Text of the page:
Juvenile polyposis syndrome : A Case Report
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Juvenile polyposis syndrome (JPS) is characterized by multiple hamartomatous polyps of the GI tract. The lifetime risk of developing malignancy with this condition is approximately 40%. The condition is inherited autosomal dominantly due to SMAD4 or BMPR1A gene mutations.

A 43‐year‐old male who had a history of JPS and underwent a risk‐reducing surgery in the form of restorative proctocolectomy and ileal pouch anal anastomosis at the outside hospital presented for further management of his condition. Post–pouch surgery, patient had regular endoscopic surveillance for new polyps. The polyp burden was managed with repeated endoscopic resections. He was also medically treated with sulindac for chemoprevention during the same period. However, despite our best efforts, patient developed a significantly high‐volume disease necessitating close and frequent interval polypectomies. He underwent excision of anal pouch and end ileostomy formation as a last attempt to reduce the risk of future malignancy. After the second procedure, new polyps developed over the ileostomy stump (Figure 1) prompting a close clinical, endoscopic, and radiological (MR small bowel) surveillance. Most of the new polyps on the ileostomy stump were treated with electro‐cautery excision in an office‐based setting (Figure 2).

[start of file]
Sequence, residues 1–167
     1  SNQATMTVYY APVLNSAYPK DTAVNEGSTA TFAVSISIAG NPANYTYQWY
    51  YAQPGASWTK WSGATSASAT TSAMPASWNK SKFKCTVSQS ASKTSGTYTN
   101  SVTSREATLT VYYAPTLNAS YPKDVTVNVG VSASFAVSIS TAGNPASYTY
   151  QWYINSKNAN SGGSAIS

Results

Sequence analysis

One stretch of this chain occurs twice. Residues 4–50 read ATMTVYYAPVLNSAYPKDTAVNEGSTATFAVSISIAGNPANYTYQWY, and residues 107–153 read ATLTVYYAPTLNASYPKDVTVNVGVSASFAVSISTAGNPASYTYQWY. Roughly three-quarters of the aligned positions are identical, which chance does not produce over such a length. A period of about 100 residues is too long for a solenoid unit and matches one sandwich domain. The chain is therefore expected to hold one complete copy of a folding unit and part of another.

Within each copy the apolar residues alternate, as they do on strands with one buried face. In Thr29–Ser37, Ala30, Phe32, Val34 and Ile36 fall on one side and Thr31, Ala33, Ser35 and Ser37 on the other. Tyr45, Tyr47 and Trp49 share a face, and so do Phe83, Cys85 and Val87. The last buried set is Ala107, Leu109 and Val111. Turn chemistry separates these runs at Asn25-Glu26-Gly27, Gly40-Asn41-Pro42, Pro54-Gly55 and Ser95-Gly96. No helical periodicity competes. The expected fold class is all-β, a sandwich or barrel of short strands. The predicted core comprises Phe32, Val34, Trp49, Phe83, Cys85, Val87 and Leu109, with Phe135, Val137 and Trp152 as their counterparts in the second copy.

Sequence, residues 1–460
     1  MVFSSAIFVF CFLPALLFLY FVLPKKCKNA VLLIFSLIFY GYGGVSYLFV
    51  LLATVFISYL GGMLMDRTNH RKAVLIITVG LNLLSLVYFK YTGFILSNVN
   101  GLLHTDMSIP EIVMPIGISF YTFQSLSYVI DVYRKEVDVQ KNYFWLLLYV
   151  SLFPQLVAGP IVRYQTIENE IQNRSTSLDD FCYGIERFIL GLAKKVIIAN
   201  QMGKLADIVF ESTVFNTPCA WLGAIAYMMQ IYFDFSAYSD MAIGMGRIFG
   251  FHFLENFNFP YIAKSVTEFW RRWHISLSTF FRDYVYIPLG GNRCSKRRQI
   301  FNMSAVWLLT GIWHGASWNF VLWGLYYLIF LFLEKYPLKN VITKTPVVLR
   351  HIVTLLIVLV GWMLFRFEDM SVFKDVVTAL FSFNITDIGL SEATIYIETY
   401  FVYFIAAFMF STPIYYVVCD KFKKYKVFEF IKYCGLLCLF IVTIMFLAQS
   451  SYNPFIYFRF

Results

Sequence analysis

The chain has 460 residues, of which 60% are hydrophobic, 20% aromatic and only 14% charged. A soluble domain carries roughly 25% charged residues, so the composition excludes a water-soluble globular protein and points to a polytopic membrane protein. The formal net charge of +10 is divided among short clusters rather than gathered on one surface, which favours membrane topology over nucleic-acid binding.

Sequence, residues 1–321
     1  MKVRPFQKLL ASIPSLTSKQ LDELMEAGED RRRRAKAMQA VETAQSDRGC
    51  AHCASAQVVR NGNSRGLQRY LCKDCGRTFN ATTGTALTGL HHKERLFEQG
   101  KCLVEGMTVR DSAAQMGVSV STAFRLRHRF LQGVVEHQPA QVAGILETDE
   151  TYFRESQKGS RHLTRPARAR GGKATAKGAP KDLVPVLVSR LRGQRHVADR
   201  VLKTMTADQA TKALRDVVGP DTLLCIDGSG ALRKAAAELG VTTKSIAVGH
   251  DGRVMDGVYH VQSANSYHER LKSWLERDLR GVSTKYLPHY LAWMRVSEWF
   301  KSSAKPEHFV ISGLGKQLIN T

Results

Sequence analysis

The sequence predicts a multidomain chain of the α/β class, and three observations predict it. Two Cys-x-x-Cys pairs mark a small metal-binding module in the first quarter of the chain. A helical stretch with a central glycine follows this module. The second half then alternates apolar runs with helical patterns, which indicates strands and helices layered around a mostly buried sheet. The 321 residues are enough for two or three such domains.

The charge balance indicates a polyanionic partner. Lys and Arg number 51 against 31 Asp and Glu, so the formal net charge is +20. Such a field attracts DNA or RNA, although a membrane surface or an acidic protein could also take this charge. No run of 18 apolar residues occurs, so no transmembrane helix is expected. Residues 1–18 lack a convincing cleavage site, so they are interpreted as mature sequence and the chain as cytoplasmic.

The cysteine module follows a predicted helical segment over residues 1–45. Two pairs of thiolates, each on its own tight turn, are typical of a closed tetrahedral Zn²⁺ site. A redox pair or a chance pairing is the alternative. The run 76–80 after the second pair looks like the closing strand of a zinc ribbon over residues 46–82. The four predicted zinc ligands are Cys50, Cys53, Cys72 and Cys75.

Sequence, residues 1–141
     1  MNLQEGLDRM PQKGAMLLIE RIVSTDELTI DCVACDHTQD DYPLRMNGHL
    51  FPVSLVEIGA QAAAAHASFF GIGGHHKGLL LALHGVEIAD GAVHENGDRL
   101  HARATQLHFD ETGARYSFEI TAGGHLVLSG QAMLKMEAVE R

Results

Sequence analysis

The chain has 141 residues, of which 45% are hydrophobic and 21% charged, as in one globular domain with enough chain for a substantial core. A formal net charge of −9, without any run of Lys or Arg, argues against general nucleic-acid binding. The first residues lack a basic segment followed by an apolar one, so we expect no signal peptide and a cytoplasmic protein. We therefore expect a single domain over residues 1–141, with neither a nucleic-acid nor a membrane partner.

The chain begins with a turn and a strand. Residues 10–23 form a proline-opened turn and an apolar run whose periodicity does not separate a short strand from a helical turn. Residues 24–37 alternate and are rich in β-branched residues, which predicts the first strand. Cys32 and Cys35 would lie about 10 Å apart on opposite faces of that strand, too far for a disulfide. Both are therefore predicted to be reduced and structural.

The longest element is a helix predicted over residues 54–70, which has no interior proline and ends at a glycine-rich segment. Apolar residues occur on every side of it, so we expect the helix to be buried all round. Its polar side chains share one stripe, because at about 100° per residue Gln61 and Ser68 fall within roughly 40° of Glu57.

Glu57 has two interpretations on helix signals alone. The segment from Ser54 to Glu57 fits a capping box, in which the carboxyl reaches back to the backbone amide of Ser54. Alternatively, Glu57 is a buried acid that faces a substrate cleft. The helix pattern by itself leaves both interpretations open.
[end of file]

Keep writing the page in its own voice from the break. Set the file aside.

Case highlights the natural history of disease progression in JPS patients which appears to be different to other bowel polyposis syndromes such as familial adenomatous polyposis (FAP). In this case, clinical surveillance besides regular imaging and endoscopic surveillance after GI surgery helped diagnose and treat new polyps before they turn malignant. This due to an increased risk (50%‐60%) malignancy associated with JPS.